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SA’s shifting insurance landscape: The only constant is change

SA’s shifting insurance landscape: The only constant is change
10-10-22 / Chris Smit

SA’s shifting insurance landscape: The only constant is change

Johannesburg - In a short period, the local short-term insurance sector has had to continually pivot and adapt to various challenges - from the recent impact of the pandemic to several regulatory and technology-led changes which continue to shape the landscape. Fueling this, the industry has also had to continually address the increase in weather-related catastrophic events and related claims.

According to Thabo Modise, Head of Claims at Western National Insurance, the increase in weather-related catastrophic (CAT) events and claims, as well as the scarcity of experienced loss adjustors, continues to be a significant hurdle for the insurance sector at large to overcome.

Weather-related claims set to increase

He says that earlier in 2022, the South African Reserve Bank noted in its African Economic Outlook 2022 that climate change had a high probability to escalate the frequency and severity of physical climate-related risks. "This rising frequency of climate-change risks is likely to further translate to a spike in claims."

A primary example of the multiple industry challenges faced when it comes to weather-related claims is the recent KZN floods, which severely impacted countless communities and business within the province, explains Modise.  

"Access to various parts of the province, as well as the availability of building materials where immediate repairs were needed, were difficult to mobilise, as the infrastructure - particularly roads - were severely damaged. The damage was so extreme in certain locations that some insurers went as far as waiving the applicable excesses as a means of additional relief for policyholders."

He believes that a key consideration is the need for a specialist weather-related disaster pool as mentioned (by the World Bank, "Financial Protection of the State Against Natural Disasters—A Primer", 2010) provides cover for civil commotion, public disorder, strikes and riots. "This is something the industry reinsurers need to look at in the future.   Although it could increase premiums for consumers - as any disaster affects the entire industry from a pricing perspective – it will enable the industry to be better prepared in dealing with impending natural disasters."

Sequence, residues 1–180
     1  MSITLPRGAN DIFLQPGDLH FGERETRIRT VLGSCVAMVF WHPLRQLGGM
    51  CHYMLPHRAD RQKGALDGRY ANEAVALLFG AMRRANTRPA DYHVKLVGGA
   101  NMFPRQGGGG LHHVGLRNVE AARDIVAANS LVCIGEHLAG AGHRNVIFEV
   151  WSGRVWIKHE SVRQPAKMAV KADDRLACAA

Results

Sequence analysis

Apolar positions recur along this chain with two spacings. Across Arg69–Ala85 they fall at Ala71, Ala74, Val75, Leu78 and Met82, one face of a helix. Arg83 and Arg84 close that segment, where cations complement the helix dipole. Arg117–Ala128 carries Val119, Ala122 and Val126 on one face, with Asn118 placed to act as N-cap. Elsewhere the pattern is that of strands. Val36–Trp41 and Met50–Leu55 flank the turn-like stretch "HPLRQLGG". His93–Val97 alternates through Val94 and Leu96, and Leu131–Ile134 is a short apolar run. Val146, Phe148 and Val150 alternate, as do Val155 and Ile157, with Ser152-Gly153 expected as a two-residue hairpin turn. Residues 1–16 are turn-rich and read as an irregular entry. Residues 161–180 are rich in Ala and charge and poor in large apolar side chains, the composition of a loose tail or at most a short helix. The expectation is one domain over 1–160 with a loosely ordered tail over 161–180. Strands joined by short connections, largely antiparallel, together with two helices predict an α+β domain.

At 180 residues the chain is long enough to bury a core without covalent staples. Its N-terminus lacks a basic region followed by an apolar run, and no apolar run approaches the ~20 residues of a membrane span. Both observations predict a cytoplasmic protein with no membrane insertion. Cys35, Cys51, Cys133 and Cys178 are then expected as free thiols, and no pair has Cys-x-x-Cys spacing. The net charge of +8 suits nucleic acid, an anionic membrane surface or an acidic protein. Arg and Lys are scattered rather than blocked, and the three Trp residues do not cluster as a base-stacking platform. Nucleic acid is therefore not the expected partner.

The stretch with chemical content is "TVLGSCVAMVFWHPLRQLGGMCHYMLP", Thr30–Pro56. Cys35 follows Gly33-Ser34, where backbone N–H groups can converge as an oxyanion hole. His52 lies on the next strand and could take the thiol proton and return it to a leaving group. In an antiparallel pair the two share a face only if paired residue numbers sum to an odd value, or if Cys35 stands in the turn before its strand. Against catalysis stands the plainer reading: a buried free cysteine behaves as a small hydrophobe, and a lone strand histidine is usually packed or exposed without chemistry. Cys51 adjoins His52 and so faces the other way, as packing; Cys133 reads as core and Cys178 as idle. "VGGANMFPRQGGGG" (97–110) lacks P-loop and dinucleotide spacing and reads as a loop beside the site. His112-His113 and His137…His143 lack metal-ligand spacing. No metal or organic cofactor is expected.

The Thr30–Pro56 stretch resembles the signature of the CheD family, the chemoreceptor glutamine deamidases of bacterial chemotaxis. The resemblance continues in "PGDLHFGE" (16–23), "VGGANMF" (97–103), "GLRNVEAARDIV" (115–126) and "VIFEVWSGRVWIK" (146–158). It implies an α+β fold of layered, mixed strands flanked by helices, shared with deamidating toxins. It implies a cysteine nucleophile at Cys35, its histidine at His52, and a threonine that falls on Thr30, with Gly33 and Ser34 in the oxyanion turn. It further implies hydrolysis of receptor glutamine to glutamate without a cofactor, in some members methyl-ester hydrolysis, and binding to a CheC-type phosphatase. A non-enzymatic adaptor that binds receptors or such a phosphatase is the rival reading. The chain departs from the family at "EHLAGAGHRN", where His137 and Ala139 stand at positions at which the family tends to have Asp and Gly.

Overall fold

Skills shortage: Growing risk for the industry 

Insurance assessors perform a very important role in the processing of insurance claims.  Unfortunately, the industry is losing this specialised knowledge as the distribution of knowledge and succession models are not robust enough in their current state.  "Engineers and assessors are working post retirement because of the lack of market skills. There is now a significantly increased risk of assessment(s) not being administered by adequately trained assessors which, in turn, leads to more risk," explains Modise.

He points to a "status of skills in the industry" report by the Insurance Sector Education and Training Authority (INSETA) - which facilitated interviews with Human Resources Directors from leading industry brokers, short-term insurers and underwriting managers and reinsurers. The report found that in-house training, and, in particular mentoring, are seen as key approaches to up-skilling staff. "Most respondents in the report spoke about the crucial need for the transference of skills from older experienced employees to the newer generation."

Modise says that the retirement of insurance experts has left a huge gap in this regard. "There is a high unemployment rate in the country, and therein lies an opportunity for the government to partner with experienced insurance professionals to offer skills development to previously disadvantaged areas.

"The silver lining lies in the fact that the insurance industry is trying to address the upskilling issues through various programmes offered annually by the Insurance Institute of South Africa (IISA), but there is always more than can be done," he says.

Adaption and innovation

Market disturbances like recessions, lockdowns and, currently, wars, are contributing factors which have impacted the insurance industry at large across both local and global markets. "The ongoing Russia-Ukraine war showcases how cover needs to be accordingly adapted and new policies formed due to unforeseen circumstances.

"For example, the shortage of key components such as semiconductors which were imported from the Ukraine has brought the product line of new vehicles to a standstill. The unintended consequences are the lack of new vehicle production and an increase on car hire costs for customers."

In an ever-changing landscape, the role of digital innovation within the insurance sector will continue to play a big part in making sure that efficiencies are effectively driven.

Some of the innovative changes Modise feels need to be adopted are the submission of claims via mobile/app, 24/7/365 online support, auto approvals of fast-tracked claims, and integration and user-friendly digital interface. "We need to ensure we are also striking the balance between needing to know when to provide the efficiency of digitisation versus the comfort of human engagement," he says.

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